So after the reasoning behind it (in a previous post) the actual bike fitting at Ciclissimo in Brussels, on the basis of the Cyfac postural system. Well I had a day off and decided to do it then. I took an appointment and went there in the afternoon.

The store is located in the back of a courtyard in a street off Montgomery. I does not really look like a store actually, more like an office, with a series of smaller rooms around a corridor. The first room is the office/measuring room, and that is where things start.

We had a chat on type of cycling I do, my training level, age and weight, but also my objectives and general riding style. The next step was the actual measuring. He used the “Cyfac board”, which allows for  standardized measuring. He measured leg length, shoulder width, height to the shoulders, arm length and for the feet, distance between the heel and the first metatarsus.

This data is then entered into a computer program along with the characteristics of the bike and accessories (saddle, pedals, shoes), which then churns out the optimal position. This position is a function of body geometry and type of cycling. It also provides the ideal frame measurements (should you want to buy a new bike or have one made to measure). This is then used to adjust the bike fit.

Any position on the bike will be a compromise between comfort, power transfer efficiency and aero-dynamism. Obviously you only want to sacrifice comfort in so far as necessary to gain the aero-dynamism you need. Secondly, the younger you are and the more you train, the more you will be able to sustain a very flat and elongated position. In short, a racer will need every second he can get and will thus have a very flat and elongated position on the bike. A cyclosportif will be able to afford a slightly more upright position.

So once the data was entered and the result prepared, we went into the second room (pictured above). The second room contains a few models of bikes ciclissimo sells (Passoni, Cyfac, Tommasini).

He lowered my saddle and put it slightly more forward. He also changed the stem for a shorter one. Mine was a 110 cm stem, he replaced it with a 80 cm stem (30 Euro). He also recommended that I buy a wider handlebar (44 cm instead of the 42 cm of the existing handlebar). I waited a bit and bought a Ritchey WCS Logic II on troc-velo.be, which was brand new and cost me 35 Euro (shipping included). Finally, he recommended I buy shorter crank arms when mine would die. He also adjusted my cleats on my cycling shoes.

This means I now have a much more upright position on the bike. It not only feels very comfortable, but also feels much more stable and powerful. I used to get lower back pain during longer rides, which is something I don’t get anymore.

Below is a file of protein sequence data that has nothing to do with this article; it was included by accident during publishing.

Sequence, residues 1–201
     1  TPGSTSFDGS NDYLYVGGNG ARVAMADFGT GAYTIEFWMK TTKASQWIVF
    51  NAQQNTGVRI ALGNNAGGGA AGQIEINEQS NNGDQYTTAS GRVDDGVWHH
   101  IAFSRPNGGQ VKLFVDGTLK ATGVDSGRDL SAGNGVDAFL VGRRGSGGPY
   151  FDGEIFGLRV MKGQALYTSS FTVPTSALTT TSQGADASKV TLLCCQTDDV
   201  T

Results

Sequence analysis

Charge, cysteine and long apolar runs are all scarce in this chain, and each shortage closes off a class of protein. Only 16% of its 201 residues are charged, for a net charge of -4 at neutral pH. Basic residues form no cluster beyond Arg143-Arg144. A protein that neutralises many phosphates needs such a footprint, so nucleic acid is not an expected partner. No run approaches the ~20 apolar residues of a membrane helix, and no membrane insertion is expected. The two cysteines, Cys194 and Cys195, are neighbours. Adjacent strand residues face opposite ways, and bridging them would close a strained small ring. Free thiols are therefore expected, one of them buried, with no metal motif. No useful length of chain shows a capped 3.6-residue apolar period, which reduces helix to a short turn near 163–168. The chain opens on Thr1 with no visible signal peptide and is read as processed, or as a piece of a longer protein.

Having now ridden six months with this position, I am very happy I did a bike fitting. Could a cheaper bike fitting have done the trick? Difficult to say. The whole process consists in adding a few millimetres here and removing a few there. The precise nature of the Cyfac postural system helps getting precise results. For me, this worked well.

So I would definitively recommend getting a bike fitting, and ciclissimo is a very good option for that in Brussels.

 

Website: http://www.ciclissimo.be/

Address: 24 rue du Duc. 1150 Bruxelles (behind Montgomery)

Tel: 0486/ 35 25 73

 

From my small experience, this is the mother of all Belgian bike shops: it is really big, it is really cheap and the service is really crap.

You can tell that cycling is the national sport of the northern half of Belgium. This store is about as big as a medium sized supermarket. I went during the sales: it was totally packed, like the H&M on rue Neuve on a Saturday afternoon.

So why go to this shop?

You go there for the choice. They have a huge selection of textiles (Assos, Pearl Izumi, Gore, Bio Racer, Castelli, all the way to the cheaper brands: you name, they got it), helmets, shoes, socks, gloves, underwear, sunglasses, a great selection of bikes and of accessories (wheels, cranks, tools, etc). It really blows your mind.

And you go there for the prices. Just as an example, I was so proud of the deal I got on a set of tires from Probikeshop.fr: Vittoria Rubino Pro for 19€! Well, they have them for 15€ at Van Eyck Sports. You basically have lower prices than on the internet, without having to pay shipping fees and with the possibility to see the goods (and try on the clothes).